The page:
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Hunter Valley Region—by a wine lover for wine lovers

A popular destination for Indian residents in Australia and equally popular with tourists, most of us know that Hunter Valley Region is the place to go for wine. However many of us—including me—don’t know that Hunter has more than wine to offer.

Recently, I made a quick trip to Hunter to check out a few wineries and have a getaway. It’s only about two hours’ drive from Sydney. Google maps directed me to Pokolbin area, which is the centre of Hunter Valley Region, also known as wine country and is claimed to be the oldest wine region in Australia. It is located between the towns of Cessnock and Branxton, which is approximately 50kms to the west of Newcastle.

Being so close to the commercial capital (Sydney), it has its advantage of trade, investments in wine production and an emerging tourist destination. There are plenty of small and big tour companies which operate bus tours bringing wine enthusiasts and tourists keen in exploring the region. You could enjoy a day of tasting some of the finest Australian wine and food, learn about different kinds of wine and how it’s made. You can also visit breweries and get a taste of fresh beer, most breweries have a sports bar area where you could enjoy couple of beers while watching an interesting game with your mates. Visit boutique wineries for tastings, nibble artisanal cheeses and chocolates, or lunch at the winery.

A bit of history

Pre-Vineyards in Hunter Region: At my trip to Hunter I gathered that in late 1795-1800 the Hunter region was sighted by European settlers near the Hunter River during a search for escaped convicts. Initially, Hunter Region was a source of timber and coal for the steam ships.

Start of Vineyards in Hunter (1820-1900): By the early 1800s approximately 20 acres of vineyards had already been planted on the northern banks of the Hunter River. It all started when a viticulturist by the name of James Busby came to Hunter and brought with him knowledge and techniques of wine growing from Europe. By 1840, the registered vineyard area exceeded to 500 acres in the hunter Region. And in the 19th century four families established vineyards in the area; the Tyrrell, Tulloch, Wilkinson and Drayton families.

Modern Vineyards (1900-1970): The Pokolbin area had built a reputation for quality wine production. A wide number of wine makers from Sydney and Melbourne were then drawn to this region.

Hunter Vineyards today: Hunter Valley is one of Australia’s most well-known wine regions; there are over 150 wineries producing a wide array of exceptional wines reflective of their origin. There are a host of activities, food and festivals that happen round the year to welcome wine enthusiasts to taste and appreciate their selection of some world class wine.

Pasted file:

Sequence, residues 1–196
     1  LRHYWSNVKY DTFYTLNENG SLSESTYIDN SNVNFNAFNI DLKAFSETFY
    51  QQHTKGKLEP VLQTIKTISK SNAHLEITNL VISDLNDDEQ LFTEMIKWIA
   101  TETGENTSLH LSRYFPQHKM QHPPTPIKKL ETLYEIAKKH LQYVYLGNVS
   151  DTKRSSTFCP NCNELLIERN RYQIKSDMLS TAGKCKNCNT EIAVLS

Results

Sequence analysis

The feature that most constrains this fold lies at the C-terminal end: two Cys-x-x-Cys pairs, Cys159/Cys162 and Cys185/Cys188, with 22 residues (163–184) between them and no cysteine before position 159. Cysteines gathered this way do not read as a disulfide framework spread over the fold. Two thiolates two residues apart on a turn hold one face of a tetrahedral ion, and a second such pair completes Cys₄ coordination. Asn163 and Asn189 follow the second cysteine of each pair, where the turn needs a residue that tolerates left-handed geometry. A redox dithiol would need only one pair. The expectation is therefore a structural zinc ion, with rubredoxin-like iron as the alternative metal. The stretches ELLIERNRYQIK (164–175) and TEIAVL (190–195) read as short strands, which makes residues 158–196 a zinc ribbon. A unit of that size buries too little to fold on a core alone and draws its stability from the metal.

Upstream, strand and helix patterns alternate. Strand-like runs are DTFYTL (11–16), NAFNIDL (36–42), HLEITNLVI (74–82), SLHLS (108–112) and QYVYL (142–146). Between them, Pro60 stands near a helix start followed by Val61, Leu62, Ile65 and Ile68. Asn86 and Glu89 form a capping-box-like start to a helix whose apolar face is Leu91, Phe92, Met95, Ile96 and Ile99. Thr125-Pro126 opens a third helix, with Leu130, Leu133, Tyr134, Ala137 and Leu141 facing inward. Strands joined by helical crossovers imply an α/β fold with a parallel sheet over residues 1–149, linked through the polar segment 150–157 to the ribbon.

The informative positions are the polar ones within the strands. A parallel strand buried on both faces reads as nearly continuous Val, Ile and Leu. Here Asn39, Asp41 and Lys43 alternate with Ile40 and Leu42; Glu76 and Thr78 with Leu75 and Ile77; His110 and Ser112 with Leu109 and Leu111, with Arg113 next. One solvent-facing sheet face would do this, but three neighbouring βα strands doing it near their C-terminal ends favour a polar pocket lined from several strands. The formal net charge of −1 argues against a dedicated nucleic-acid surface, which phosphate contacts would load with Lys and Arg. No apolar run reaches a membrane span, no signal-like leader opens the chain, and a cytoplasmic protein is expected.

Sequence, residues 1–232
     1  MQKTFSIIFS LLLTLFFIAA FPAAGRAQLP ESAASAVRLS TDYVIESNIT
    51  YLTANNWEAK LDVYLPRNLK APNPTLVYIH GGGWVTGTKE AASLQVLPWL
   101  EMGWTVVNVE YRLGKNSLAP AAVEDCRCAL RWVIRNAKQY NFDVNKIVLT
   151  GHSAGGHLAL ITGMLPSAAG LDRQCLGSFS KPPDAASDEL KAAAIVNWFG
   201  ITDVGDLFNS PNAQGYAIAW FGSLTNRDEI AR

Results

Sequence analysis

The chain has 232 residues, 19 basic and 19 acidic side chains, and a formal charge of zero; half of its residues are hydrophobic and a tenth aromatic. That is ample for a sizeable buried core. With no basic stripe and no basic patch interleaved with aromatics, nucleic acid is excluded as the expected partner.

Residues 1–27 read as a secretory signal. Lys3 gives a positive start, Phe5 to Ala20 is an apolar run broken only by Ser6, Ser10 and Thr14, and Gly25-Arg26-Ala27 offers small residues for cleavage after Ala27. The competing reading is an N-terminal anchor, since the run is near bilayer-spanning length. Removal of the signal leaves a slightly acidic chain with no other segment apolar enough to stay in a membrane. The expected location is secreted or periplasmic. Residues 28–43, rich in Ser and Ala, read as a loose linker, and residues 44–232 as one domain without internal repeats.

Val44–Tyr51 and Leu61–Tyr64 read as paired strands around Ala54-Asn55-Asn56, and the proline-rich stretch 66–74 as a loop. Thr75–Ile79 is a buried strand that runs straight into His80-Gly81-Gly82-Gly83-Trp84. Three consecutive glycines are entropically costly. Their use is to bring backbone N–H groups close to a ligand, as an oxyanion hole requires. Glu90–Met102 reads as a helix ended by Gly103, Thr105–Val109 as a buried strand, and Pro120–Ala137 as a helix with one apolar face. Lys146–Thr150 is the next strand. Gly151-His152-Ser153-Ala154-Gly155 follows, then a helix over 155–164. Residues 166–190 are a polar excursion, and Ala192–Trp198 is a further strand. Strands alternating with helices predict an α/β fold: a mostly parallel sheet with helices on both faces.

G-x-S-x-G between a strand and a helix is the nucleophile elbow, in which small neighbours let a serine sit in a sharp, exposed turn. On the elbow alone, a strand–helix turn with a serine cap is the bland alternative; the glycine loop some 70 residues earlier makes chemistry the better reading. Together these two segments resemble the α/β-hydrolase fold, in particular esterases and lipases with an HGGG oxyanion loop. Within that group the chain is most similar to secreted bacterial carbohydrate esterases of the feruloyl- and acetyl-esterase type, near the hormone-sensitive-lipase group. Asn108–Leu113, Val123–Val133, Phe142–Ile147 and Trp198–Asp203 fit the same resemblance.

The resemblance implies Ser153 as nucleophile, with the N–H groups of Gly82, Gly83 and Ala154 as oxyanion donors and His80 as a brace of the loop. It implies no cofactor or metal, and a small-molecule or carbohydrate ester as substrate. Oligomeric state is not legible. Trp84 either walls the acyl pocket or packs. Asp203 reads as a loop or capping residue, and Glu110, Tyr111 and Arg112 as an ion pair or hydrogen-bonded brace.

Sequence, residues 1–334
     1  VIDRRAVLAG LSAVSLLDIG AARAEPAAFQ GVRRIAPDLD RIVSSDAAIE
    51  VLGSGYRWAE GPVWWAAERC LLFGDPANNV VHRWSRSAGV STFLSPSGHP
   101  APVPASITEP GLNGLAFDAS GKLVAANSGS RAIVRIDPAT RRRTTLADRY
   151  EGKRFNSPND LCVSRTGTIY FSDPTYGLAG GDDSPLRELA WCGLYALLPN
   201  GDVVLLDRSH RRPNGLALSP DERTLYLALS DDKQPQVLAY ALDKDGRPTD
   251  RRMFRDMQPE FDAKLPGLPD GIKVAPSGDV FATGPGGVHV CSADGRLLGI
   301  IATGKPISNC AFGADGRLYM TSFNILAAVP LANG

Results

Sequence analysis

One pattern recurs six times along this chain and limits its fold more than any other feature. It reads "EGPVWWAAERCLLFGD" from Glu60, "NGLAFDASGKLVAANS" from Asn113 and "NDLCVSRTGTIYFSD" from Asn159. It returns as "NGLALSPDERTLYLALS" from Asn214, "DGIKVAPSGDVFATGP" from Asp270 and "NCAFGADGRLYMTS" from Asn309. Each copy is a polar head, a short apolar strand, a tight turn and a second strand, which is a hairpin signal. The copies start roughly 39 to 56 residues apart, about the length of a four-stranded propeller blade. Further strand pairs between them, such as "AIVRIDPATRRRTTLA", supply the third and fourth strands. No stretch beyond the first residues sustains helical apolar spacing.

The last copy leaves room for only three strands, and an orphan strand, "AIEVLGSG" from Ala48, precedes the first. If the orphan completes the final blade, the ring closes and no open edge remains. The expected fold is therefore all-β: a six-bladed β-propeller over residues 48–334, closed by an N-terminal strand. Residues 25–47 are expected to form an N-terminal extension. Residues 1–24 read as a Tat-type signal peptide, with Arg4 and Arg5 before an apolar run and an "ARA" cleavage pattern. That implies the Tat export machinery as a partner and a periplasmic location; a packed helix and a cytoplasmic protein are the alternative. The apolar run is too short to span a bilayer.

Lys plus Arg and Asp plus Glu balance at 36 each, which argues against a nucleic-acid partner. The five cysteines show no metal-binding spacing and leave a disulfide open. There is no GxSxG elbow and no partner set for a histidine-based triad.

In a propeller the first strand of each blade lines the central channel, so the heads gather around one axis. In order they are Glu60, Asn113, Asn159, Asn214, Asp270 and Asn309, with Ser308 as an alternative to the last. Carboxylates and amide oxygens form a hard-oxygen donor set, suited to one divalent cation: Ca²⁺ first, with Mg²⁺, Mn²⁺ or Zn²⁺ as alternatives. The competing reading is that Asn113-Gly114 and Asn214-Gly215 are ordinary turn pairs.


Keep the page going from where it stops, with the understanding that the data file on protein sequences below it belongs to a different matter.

To my surprise I was educated not just about wines but also on few more recreational things to do in the Valley.

Drink and Dine

At Hunter Valley’s Cellar Doors you can taste a wide variety of wines, or join a tasting master class to taste rare vintages. There are a plenty of dining options, including a romantic date night at multi-award-winning restaurant “Muse” where you’ll dine on seasonally driven dishes food paired with Hungerford Hill wines.

My host at the Cellar Door was Rebecca Irvine who showed me around the winery and narrated the history of Hungerford Hill winery established in 1967. She taught me about the different kinds of wine making techniques and how the taste changes with every technique. The type of wines can be categorised into 11 major kinds and each one has between two and six variations to it. This winery is family run, now passed down to the fourth generation. Hungerford Hills winery conducts wine tasting for individuals and groups, also food presentation for couples. A visit to this winery is a must for anyone going to Hunter.


As we know cheese goes the best while sampling the wine, and at the Hunter Valley Cheese Factory you’ll find a fantastic selection of handmade cow and goat milk cheese, available to taste and buy. Order a cheese tasting board to try five cheeses, or book a private cheese appreciation class to learn about cheese varieties and the art of wine matching. You could also go to The Smelly Cheese Shop, very popular for trying a variety of local produce cheese.

Air Ballooning above the Vineyards

Start your day early at Hunter with a 45-minute sunrise hot air balloon ride that takes you above the vineyards of Pokolbin. The view from 2,000 feet is spectacular and totally worth it.

Golf in the Vineyards

Golf is another popular activity. Make a visit to courses such as the Greg Norman-designed The Vintage and enjoy a game of golf in the serene green beauty around you. Followed by a glass of sparkling wine and cheese of course.

Festivals at the Hunter

Plan your trip to Hunter Valley during the next festival. Throughout the year the Hunter Valley presents a diverse calendar of festivals and events at its wineries—the most popular among them being the Spring Festival held in September.


You could also pamper yourself at a day spa, or go for a biking tour in the vineyards, do exclusive winery tours etc.This was my first trip to the Hunter region, and there is a lot more to explore. I know I’ve just begun. Cheers.


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